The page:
- Talk yourself into it. If there’s any participation grade at all, then why aren’t you doing your best to make sure you knock it out of the park? Participate in every class, whether you’re completely sure of an answer or not. After all, it’s called a “participation” grade, not a “you-have-to-get-this-question-correct-or-else” grade. Your professor won’t reprimand you for showing that you’re paying attention in class and attempting to get a grasp on the material. What they can do, though, is punish your GPA if you sit through their class in complete silence. So speak up.
- Practice makes perfect. If you’re so afraid of public speaking that even speaking from your chair in front of all your classmates is kind of crippling, then take some baby steps. Participate in a small seminar instead of a lecture at first, then work your way up. Or, start participating in classes where you’re most comfortable with the material, then move to the more challenging ones. That way, you’ll get a feel for what it’s like to share your opinion or an answer with others, out loud. Like any skill, participation is a muscle, so work it out.
- Ask a question. If you really can’t answer a question in class, or if you are already sharing your opinion on a topic, then don’t hesitate to raise your hand in order to ask a question. Often, a good question (and any question is a good question, right?) will push class discussion, and teachers love that. Plus you’ll probably be asking a question one of your classmates had, anyways, so you’ll be helping them out too. At any rate, you’re professor will see that you care enough to think and to ask, which can only give your grade a little boost.
Whether you’re living abroad, studying there, or just taking a vacation, it pays to do a little research before you actually arrive. From France to Turkey to Egypt, every culture has different customs. Do you tip at restaurants? If so, how much? Are taxi rides negotiated ahead of time, metered, or are fares set and standardized? What should you do and say when greeting someone? What shouldn’t you do? And more! Click the graphic below to find out:
Life in college is expensive. I mean, come on, you’ve got bills to pay: that takeout pizza, those school supplies, and not to mention that monstrous tuition bill that eats at your wallet like a crazed Pac-Man. With that in mind, whether you qualify for federal work-study or not, you should do your best to find a job on campus in order to make some easy cash—or at least some spending money. Not sure which job is the best? Here are some common campus employment opportunities that will leave you as happy as the check in your pocket:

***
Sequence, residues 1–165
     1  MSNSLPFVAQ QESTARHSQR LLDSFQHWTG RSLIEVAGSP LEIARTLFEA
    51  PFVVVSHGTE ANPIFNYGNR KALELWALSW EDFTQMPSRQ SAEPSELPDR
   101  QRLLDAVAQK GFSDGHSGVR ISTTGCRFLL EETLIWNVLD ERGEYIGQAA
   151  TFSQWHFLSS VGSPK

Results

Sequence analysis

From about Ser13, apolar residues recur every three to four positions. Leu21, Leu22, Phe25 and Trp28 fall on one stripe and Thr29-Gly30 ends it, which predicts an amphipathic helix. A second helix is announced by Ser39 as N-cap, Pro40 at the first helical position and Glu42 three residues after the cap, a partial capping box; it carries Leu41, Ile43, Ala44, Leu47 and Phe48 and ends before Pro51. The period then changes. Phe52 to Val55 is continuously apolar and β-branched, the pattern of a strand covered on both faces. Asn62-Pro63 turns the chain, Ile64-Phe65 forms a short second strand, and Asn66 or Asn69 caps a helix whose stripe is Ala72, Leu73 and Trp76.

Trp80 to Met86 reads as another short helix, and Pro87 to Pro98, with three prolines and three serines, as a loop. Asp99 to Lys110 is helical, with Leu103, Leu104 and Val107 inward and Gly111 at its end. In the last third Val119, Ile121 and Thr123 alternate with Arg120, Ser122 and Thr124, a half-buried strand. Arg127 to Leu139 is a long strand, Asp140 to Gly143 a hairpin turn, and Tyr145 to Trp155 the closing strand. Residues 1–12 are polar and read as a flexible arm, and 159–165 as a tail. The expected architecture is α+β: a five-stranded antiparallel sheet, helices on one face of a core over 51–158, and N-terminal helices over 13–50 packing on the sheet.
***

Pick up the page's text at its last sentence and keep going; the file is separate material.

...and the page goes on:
- Library assistant. Whether you’re posted up at the reference desk or at the circulation desk, keeping track of books and library materials, this job is kind of a breeze. Of course, the school library isn’t the most hectic or stressful place around, and by virtue of what it is, it’s usually always quiet. What does that mean? Not only are you on the clock for working, but you’ll likely be able to get some reading for class done. Getting paid to do homework? Score.
- The dining hall. I know what you’re thinking: Seriously, the dining hall? Are you crazy? I definitely don’t want to work in the dining hall. True: working with food—especially leftover food—can be kind of gross. And yeah, wiping down table or cleaning dishes might not be the most glamorous job, but hey, you get to experience the customer service business, and more, you can appreciate your own dining time that much more when you can put your feet up and relax. Plus, your parents would probably like to hear that you’re putting in some blood, sweat, and tears in order to earn your keep.
- Residence Assistant. Being a residence assistant (RA) might be the most lucrative job on campus, as you get paid a ton of money, and some schools even offer perks such as free parking, free board, or a free meal plan. While the duties of a residence assistant might be demanding, and while you might not want to be responsible for keeping track of and possibly disciplining your peers, the benefits are obvious: you get to organize social events and be a major leader on campus, all for money.
- Career services. If you snag the opportunity to work in career services, say, as an office assistant, then you’ll get to see all the career opportunities as they come in, and you’ll be surrounded by those who know how to land you a future job. Hey, getting ahead is always good, right? Especially if it comes with a paycheck.
- Art gallery. Art galleries on campus need someone to check visitors in, and that person is often a student. So why not you? Be a loyal patron of the arts as well as a student worker in one fell swoop.